This paper examines the patterning of unergative verbs in Algonquian in view of recent proposals that distinguish the verbalizing head v from the agent-introducing head Voice (e.g., Pylkkänen 2002; Harley 2013; Legate 2014). While subjects of unergative verbs are often treated as structurally akin to subjects of transitive verbs, Massam (2009) proposes that the two types of subjects differ: transitive subjects are introduced in the specifier of VoiceP while unergative subjects are merged lower, in the specifier of vP. Using a series of language-internal diagnostics for the presence of v and Voice, we argue that Algonquian languages strongly support Massam's proposal: unergative predicates involve only vP structure while transitive predicates exhibit the morphosyntatic properties associated with the presence of VoiceP. Instead of aligning with full-fledged transitive verbs, unergative verbs consistently pattern with a small class of defective "pseudo-transitives," which also lack VoiceP morphosyntax. Across all diagnostics, the evidence consistently indicates that the Algonquian extended verbal projection consists of vP and VoiceP in full transitive clauses, but of only vP in unergatives.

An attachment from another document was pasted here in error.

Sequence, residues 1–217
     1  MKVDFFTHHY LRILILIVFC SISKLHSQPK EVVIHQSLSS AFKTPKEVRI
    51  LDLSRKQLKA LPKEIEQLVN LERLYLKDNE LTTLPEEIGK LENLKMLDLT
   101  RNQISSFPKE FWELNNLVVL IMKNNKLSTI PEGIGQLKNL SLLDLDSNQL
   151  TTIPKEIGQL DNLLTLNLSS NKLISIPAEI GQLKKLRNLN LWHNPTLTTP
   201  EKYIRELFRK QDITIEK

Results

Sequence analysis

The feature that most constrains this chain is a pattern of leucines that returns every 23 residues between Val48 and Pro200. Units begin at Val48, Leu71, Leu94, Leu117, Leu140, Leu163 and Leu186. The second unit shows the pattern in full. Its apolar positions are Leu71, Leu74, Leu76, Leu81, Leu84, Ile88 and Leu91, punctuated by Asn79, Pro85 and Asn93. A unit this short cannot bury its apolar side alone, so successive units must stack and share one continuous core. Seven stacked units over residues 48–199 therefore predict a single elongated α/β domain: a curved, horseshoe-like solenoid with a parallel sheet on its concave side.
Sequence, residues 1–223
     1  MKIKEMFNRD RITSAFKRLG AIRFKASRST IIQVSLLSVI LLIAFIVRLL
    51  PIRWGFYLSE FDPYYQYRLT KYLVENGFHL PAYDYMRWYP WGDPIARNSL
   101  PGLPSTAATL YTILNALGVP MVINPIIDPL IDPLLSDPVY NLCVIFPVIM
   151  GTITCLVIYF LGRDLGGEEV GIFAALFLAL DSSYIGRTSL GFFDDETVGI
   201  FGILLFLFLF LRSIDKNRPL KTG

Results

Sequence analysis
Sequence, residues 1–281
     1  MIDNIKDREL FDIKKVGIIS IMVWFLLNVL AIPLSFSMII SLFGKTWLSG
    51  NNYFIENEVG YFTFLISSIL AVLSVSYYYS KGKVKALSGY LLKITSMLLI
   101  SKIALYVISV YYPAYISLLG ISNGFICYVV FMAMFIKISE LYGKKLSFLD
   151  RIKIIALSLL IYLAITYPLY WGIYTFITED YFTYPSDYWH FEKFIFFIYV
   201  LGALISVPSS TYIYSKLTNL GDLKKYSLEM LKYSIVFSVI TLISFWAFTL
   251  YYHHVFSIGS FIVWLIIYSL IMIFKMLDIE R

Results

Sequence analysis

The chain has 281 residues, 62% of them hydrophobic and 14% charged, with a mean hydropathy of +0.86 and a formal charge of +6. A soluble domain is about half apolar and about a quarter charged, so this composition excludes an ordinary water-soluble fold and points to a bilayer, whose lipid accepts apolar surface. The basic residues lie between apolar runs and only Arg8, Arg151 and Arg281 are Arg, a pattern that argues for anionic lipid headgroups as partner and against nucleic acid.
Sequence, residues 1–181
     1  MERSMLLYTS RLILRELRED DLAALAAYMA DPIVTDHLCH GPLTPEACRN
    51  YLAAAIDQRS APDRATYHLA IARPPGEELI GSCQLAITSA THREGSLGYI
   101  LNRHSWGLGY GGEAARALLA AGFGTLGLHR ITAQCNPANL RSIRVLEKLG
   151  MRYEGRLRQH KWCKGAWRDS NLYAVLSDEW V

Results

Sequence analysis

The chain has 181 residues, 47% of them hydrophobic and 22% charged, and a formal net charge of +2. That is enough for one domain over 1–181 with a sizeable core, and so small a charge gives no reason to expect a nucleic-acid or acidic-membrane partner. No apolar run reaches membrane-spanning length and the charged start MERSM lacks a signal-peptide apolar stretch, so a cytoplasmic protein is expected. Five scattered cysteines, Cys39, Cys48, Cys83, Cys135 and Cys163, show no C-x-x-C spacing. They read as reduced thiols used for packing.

Proceedings of the 35th West Coast Conference on Formal Linguistics
edited by Wm. G. Bennett, Lindsay Hracs, and Dennis Ryan Storoshenko
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